From her early SoundCloud days to shyly attending an Avril Lavigne concert, rising musician BODUR talks us through her musical firsts.

Under a new alias, Chloe Bodur is inviting listeners to step into her world. In her brand new track, “GORGEOUS”, BODUR navigates what it means to be a person of dual heritage, and to appreciate each layer of her multifaceted identity. The Turkish-Sri Lankan artist delves deeper into the beauty and struggles of her past, present, and future within her own realm of electronic music. 


Authenticity is in abundance with BODUR, her music a free-flowing stream of her inner thoughts. She glides effortlessly between experimental pop and electronic and tops the track with meaningful lyrics.


It’s clear that lyricism comes easily to her, further reinforced by having grown up in a musical household. And her early admiration for all things musical hasn’t faded over the years. Today, she hosts a monthly residency with Balamii Radio and continues to challenge herself by learning new instruments. 


Continuing down her journey of self-acceptance, we speak with BODUR about her first concert memory, the biggest trials for her as a musician, and the Beyonce BDay DVD, naturally. 

First song you ever made?

A song called “Billie” inspired by ‘Fine and Mellow’ by Billie Holiday. I sampled a live performance of the song from 1967 I found on YouTube and built an electronic beat around it.  Recorded my own lyrics over it and uploaded it to SoundCloud in 2016, back when I used to upload my beats and ideas on there regularly. That original version I made isn’t on SoundCloud anymore but a more refined  version; co-produced by Lapsung is on my Spotify etc still. It was the second single I ever released.

First song you released officially?

A song called “Glory” recorded with my full band back in 2017.

First CD or record you owned?

The Sergio Mendes “Timeless” album is a standout CD that I loved from my childhood. My Dad used to play Turkish singer Rafet El Roman’s album “Gençliğin Gözyaşı” in the car too. The first vinyl I owned myself though were Sampha’s “Process”, James Blake’s “The Colour in Anything” and an Austrud Gilberto compilation album. 

First time you realised you wanted to be an artist?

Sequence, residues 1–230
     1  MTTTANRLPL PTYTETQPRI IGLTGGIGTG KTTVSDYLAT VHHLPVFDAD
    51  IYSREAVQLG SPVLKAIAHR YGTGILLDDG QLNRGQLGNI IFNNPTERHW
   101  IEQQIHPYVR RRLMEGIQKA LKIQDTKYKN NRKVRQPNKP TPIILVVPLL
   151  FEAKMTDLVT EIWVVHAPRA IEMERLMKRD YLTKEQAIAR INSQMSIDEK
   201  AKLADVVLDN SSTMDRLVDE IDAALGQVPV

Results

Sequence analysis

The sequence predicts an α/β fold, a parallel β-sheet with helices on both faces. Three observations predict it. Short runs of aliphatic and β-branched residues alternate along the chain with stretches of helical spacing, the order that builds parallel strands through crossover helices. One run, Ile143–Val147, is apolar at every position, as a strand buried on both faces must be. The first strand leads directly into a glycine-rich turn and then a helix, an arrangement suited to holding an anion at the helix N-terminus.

When I was in primary school I had the Beyoncé Bday DVD and I spent the weekend in my bedroom watching all the music videos on repeat and learning the choreography, except for sugar mama which I skipped cos it was ‘too grown up’ lol. I think that was the moment I knew I really wanted to make music and music videos when I was an adult. It felt like the closest real life thing to being a Disney Princess or a Bratz Doll.

First gig you went to?

Avril Lavigne, classic 90s baby. I was so shy I just sat down and watched in silence the whole time.

First time you faced an obstacle in your career?

Stepping into the industry and realising there’s a lot of hidden costs that I wasn’t aware of as an independent artist. Finding a way around that (working three jobs) and overcoming those issues through building relationships with other creatives. Also the pandemic was a massive obstacle.

First instrument you owned?

A small Spanish guitar which was a gift from my Sri Lankan Grandad who was a musician, when I was about five. I still have it.

First time you felt like giving up?

I’ve never truly felt that.

First time you felt starstruck?

When I was about eight years old and met Cesc Fabregas at my local park. I got a photo with him but was so starstruck I couldn’t speak. 

First time you ticked off a bucket list goal?

Shooting the music video for “Gorgeous”. That day was so surreal and I felt for the first time that all my dreams had come true. I was living my childhood Beyonce-music-video fantasy in real life. I still pinch myself looking at the footage from that day.